While each of these sections lights up entirely when plugged into the controller individually, when daisy-chained together, only half of the first board would light up. Weird huh?

Could it be that the three sections were not joined together properly? Or that there's a fault or a short on the data line somewhere? Or maybe a bad or dry solder joint where the resist hasn't been cleared off the pads properly? A fault on the first section would be enough to stop every subsequent LED working - so when the lights on sections two and three aren't working, it's actually quite difficult to know where to start!

After a lot of soldering, re-soldering, unsoldering and replacing multiple LEDs, we figured that the PCBs were simply not of good enough quality to be reliable for testing.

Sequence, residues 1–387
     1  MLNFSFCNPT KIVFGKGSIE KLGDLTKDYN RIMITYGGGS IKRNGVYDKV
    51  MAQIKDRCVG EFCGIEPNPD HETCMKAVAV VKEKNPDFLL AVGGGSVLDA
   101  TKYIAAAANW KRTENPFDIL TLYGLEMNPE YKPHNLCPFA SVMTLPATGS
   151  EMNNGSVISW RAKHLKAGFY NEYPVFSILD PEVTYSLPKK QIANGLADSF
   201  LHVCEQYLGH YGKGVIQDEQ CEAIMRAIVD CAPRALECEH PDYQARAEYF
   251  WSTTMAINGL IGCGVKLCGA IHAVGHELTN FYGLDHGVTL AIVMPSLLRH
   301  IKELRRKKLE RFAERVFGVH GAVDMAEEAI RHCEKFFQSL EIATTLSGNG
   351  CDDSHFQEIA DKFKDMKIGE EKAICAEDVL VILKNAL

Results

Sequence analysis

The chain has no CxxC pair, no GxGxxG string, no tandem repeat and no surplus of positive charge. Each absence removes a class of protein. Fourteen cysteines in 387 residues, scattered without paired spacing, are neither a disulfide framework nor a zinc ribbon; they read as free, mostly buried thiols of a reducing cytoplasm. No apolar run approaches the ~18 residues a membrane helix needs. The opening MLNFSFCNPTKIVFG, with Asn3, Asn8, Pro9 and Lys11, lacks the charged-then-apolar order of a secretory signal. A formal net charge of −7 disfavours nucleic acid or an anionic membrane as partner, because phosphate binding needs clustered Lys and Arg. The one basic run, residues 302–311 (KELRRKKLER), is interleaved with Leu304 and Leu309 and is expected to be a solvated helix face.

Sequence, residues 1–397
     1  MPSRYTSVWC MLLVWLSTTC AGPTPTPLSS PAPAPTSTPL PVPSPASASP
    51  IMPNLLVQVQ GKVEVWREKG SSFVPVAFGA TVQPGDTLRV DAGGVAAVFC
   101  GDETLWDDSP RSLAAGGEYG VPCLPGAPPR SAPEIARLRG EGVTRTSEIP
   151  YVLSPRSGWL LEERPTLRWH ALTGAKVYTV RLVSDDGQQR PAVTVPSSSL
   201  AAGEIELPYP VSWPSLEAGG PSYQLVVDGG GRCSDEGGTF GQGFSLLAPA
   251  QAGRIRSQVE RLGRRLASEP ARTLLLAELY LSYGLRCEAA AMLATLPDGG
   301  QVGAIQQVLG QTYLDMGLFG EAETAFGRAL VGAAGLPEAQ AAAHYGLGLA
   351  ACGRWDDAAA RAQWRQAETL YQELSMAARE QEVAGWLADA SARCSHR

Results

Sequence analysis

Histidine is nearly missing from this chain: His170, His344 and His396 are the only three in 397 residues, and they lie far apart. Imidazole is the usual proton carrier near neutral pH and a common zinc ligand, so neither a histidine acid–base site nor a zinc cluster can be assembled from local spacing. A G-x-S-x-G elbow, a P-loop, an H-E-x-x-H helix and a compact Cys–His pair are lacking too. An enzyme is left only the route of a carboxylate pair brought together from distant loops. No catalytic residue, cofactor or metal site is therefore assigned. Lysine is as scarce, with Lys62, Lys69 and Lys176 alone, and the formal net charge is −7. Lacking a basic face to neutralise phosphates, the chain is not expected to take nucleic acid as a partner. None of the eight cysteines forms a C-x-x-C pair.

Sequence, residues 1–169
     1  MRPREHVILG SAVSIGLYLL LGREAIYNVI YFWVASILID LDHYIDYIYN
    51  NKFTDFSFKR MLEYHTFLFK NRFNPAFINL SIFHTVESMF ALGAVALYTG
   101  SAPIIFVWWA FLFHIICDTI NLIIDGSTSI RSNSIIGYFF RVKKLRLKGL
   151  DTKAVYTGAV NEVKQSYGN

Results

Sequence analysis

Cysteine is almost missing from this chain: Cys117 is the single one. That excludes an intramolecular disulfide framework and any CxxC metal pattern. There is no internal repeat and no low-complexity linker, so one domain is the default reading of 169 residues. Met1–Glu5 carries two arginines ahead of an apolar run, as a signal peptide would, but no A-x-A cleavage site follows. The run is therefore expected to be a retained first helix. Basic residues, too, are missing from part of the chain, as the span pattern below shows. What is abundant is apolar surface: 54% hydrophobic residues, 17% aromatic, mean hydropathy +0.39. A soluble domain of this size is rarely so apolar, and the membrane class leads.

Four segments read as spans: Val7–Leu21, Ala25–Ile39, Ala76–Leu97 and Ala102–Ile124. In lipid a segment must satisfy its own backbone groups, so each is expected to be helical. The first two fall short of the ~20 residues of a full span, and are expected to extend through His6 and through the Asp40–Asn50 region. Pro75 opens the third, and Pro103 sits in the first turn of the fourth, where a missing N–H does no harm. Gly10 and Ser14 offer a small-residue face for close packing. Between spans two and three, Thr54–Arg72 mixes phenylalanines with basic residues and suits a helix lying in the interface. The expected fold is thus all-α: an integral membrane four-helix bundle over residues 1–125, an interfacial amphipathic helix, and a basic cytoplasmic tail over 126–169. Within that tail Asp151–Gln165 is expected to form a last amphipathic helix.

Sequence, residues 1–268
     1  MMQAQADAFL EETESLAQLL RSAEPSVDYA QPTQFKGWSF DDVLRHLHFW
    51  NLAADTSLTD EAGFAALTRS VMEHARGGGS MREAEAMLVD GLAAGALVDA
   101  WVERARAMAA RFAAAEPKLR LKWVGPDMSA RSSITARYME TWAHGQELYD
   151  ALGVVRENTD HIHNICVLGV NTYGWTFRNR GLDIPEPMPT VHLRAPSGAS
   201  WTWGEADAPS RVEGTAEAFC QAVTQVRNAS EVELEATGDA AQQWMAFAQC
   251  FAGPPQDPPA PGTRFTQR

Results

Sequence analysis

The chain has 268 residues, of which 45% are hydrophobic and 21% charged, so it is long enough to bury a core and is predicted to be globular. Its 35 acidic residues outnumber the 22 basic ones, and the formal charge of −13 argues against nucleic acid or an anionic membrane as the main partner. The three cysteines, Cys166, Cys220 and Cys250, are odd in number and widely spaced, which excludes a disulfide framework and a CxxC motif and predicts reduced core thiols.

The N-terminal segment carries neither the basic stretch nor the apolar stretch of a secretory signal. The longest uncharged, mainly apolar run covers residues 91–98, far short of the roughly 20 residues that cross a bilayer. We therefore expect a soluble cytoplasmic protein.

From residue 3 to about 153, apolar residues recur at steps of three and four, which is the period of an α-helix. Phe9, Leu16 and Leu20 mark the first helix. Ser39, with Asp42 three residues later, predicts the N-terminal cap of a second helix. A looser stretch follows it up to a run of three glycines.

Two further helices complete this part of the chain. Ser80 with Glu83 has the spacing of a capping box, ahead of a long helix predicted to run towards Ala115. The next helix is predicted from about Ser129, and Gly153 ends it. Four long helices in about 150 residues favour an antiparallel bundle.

Only one thing for it - the one thing we said we'd never do after so many botched PCBs in the past - get some ordered, and just hope they work when they get here!

Before pulling the trigger on the order, we checked and double-checked our PCB layout with the 25.5" scale fingerboard.

Although it's a tiny discrepency, by the time we reach the 21st fret, the fret markings on the PCB are about 1.5mm off where they should be. It's not the end of the world - those fret lines are only guides for placing the LEDs. And, looking at the design, they'd still be ok - each LED is still slightly "north" of where the fretwire will go across the fingerboard. But it might still be worth bunching things up a little bit before committing to getting a dozen or more full-sized (and relatively expensive) PCBs manufactured!